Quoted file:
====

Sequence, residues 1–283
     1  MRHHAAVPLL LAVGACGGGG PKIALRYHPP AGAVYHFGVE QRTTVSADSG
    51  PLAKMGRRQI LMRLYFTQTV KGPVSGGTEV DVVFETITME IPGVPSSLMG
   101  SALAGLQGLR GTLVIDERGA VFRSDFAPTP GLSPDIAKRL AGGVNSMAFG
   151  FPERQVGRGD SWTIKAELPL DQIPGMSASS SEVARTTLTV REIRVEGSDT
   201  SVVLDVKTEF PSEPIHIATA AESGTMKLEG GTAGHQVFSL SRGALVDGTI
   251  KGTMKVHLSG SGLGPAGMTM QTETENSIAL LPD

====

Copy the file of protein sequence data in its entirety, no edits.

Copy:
Sequence, residues 1–283
     1  MRHHAAVPLL LAVGACGGGG PKIALRYHPP AGAVYHFGVE QRTTVSADSG
    51  PLAKMGRRQI LMRLYFTQTV KGPVSGGTEV DVVFETITME IPGVPSSLMG
   101  SALAGLQGLR GTLVIDERGA VFRSDFAPTP GLSPDIAKRL AGGVNSMAFG
   151  FPERQVGRGD SWTIKAELPL DQIPGMSASS SEVARTTLTV REIRVEGSDT
   201  SVVLDVKTEF PSEPIHIATA AESGTMKLEG GTAGHQVFSL SRGALVDGTI
   251  KGTMKVHLSG SGLGPAGMTM QTETENSIAL LPD